Fager remains in his role at the CBS News program, which is supposed to kick off its 51st season on Sunday, September 30. But he and many other CBS News staffers are waiting for the parent company’s board to sift through the findings of a recent investigation into the culture of CBS News. Insiders are not quite sure when that work might be done, and the board did not disclose a timeline in a filing made with the U.S. Securities and Exchange Commission Monday. A probe into CBS News culture led by the law firm Proskauer Rose has been rolled into a larger investigation into the overall company that is being conducted by the CBS board of directors in the wake of revelations about former CEO Leslie Moonves, who was the subject of multiple allegations of sexual misconduct by many women. Moonves left his job on Sunday.
Allegations published in The New Yorker in August accused Fager of turning a deaf ear to instances of harassment even as three financial settlements paid to employees of the newsmagazine were related to allegations of discrimination or harassment. A September report by the magazine detailed an allegation by one woman who accused Fager of groping her at a company event.
The new report and Moonves’ exit have renewed the tough spotlight that has shone on the veteran producer and sparked another round of speculation about his fate. CBS News declined to comment on the matter.
“I have encouraged everyone at 60 Minutes to speak to the lawyers reviewing our culture with the hope that our entire staff would have a voice, and the truth would come out about our workplace,” Fager said in a statement to the magazine. He said he believed “that a fair and open investigation will determine 60 Minutes is a good place where talented women and men thrive and produce some of the finest broadcast journalism in America.”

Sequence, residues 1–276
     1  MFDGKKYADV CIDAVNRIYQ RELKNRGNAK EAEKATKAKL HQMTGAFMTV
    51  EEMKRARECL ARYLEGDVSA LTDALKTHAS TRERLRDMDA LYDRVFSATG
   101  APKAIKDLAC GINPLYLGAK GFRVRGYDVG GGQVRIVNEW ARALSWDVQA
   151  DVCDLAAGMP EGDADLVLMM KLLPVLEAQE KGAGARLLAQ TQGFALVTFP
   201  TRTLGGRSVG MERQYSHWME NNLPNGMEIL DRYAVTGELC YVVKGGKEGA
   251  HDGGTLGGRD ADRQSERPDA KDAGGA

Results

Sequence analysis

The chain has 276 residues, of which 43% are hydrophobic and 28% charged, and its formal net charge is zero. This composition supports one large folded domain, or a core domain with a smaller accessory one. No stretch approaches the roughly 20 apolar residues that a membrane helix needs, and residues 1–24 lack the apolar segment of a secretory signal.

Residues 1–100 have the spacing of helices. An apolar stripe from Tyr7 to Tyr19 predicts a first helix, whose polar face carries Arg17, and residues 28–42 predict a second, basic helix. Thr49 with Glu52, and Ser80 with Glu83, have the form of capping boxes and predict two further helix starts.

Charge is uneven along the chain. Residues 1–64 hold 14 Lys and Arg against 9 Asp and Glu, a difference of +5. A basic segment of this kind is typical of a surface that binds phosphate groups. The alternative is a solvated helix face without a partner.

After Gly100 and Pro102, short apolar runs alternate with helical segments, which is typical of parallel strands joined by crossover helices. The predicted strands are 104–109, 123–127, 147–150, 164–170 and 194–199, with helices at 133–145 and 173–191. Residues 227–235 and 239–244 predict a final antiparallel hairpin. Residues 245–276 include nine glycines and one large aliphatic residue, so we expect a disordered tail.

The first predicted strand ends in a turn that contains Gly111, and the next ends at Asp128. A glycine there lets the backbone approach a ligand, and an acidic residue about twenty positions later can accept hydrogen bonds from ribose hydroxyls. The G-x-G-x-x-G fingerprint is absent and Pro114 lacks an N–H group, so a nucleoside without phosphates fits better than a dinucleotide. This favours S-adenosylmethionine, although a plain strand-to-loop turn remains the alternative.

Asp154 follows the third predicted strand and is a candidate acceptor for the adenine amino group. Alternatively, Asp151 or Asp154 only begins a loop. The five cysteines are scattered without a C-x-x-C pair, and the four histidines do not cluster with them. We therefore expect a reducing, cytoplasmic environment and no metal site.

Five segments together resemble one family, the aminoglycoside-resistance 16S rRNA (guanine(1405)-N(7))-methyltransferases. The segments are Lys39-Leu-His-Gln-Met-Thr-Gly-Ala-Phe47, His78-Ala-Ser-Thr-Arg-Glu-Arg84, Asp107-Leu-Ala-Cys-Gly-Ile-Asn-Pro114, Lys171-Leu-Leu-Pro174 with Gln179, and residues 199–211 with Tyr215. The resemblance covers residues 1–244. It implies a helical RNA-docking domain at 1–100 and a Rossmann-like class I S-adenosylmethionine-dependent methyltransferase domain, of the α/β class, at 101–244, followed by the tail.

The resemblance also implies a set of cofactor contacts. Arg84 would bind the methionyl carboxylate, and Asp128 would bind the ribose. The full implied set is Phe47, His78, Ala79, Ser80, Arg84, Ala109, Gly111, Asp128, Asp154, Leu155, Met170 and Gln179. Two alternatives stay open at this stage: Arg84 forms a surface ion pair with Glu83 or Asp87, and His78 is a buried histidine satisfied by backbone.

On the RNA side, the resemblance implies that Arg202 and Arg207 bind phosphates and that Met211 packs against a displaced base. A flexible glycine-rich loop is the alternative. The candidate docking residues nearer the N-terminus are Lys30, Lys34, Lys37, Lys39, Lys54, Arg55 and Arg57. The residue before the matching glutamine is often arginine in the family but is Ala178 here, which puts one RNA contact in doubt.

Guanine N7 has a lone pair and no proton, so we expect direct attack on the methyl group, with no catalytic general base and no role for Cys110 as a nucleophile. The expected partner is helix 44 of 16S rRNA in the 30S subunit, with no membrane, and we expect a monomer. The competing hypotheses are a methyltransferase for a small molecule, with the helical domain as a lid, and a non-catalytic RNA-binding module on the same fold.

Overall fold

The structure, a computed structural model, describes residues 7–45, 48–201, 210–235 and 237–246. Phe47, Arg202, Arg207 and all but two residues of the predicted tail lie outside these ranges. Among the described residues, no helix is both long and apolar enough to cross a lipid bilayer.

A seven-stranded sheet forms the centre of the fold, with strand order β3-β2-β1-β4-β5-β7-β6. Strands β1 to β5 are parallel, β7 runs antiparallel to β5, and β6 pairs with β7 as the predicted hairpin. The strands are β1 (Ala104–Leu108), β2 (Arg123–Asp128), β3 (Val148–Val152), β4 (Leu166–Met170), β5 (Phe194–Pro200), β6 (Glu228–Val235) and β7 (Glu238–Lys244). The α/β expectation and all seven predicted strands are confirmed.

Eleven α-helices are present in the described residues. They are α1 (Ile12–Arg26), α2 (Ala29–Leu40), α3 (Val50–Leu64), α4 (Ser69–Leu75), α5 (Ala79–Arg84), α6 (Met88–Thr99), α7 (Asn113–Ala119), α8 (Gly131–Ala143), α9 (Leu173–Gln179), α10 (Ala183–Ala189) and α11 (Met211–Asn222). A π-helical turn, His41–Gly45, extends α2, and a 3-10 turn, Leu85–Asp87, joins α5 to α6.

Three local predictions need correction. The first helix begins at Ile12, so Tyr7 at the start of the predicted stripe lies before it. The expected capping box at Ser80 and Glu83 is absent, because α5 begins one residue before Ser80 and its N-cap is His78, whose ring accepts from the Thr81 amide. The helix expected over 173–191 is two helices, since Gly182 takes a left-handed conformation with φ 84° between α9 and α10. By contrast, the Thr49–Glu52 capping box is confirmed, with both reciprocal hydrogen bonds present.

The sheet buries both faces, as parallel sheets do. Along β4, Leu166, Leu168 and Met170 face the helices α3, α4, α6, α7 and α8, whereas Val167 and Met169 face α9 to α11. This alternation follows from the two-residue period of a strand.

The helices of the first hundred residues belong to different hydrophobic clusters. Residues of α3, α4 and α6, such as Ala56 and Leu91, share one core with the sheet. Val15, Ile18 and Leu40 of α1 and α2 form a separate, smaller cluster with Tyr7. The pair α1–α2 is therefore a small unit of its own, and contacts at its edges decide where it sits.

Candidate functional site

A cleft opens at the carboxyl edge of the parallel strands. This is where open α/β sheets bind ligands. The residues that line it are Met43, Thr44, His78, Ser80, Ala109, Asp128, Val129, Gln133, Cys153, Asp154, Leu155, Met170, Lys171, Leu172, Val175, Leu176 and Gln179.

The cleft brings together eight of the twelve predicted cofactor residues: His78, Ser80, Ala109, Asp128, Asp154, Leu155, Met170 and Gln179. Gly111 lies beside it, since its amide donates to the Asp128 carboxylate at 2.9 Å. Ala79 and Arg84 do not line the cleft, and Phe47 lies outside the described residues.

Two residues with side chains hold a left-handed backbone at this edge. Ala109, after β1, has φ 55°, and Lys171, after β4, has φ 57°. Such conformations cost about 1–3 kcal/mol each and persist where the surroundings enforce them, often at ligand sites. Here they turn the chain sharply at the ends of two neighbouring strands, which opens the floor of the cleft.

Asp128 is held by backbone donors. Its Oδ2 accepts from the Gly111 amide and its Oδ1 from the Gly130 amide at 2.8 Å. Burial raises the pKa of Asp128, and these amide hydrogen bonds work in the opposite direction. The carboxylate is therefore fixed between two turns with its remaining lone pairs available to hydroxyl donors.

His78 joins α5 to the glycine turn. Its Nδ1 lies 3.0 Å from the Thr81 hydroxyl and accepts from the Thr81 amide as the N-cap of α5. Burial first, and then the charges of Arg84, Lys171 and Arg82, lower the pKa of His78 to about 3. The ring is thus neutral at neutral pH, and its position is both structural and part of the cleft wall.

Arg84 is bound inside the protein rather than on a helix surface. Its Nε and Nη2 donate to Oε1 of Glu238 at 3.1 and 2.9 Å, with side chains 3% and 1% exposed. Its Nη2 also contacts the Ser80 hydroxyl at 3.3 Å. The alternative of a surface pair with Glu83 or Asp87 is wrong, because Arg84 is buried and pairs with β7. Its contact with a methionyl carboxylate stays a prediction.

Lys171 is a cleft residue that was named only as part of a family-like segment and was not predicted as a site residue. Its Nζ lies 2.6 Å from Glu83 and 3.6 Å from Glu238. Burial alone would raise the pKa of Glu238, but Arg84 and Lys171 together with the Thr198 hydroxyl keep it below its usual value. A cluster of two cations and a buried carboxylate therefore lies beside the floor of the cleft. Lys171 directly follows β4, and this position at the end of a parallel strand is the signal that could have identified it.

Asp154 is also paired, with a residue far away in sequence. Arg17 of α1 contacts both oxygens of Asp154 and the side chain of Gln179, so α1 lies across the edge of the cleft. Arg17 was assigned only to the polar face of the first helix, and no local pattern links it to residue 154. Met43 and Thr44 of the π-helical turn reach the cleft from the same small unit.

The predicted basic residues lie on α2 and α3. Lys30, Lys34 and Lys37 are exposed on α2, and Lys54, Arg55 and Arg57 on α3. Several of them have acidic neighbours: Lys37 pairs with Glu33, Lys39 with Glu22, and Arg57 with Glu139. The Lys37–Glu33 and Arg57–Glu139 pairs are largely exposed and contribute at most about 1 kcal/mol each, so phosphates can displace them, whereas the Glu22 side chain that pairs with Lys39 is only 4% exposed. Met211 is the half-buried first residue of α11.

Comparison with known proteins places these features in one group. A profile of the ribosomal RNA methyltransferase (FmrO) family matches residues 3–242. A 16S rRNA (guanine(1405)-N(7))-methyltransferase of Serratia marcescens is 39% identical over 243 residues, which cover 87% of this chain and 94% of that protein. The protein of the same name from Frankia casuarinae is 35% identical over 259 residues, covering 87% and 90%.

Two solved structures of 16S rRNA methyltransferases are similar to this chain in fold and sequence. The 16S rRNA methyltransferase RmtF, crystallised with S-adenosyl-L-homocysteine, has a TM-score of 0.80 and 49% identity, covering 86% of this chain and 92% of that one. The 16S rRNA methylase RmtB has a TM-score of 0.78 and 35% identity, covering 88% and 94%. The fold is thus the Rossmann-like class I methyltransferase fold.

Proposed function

The situation serves as a distraction to the “60 Minutes” staff, who have spent recent weeks screening interviews and reports for broadcast, according to two people familiar with the program. These people said staffers are trying to keep to “business as usual” even as most wonder what the CBS board’s ultimate findings will be.
Fager has supporters at the show, these people said. He is only the second executive producer of the program, and is the successor to the legendary Don Hewitt, who founded the show. During his time there, the show has placed more women in senior roles. Five of eight senior producers, a group that includes Fager, are women. The show’s three broadcast managers, who run news operations, are female. And women constitute a greater portion of the show’s producer. When Fager took the reins of “60 Minutes” in 2004, there were two. There are certainly more in 2018.
Fager was out of the office on Monday and part of Tuesday, the days immediately following the announcement of Moonves’ departure. The two people familiar with the show said the absence had been previously planned and had to do with a commitment related to family. These people suggested he could return to the office this week.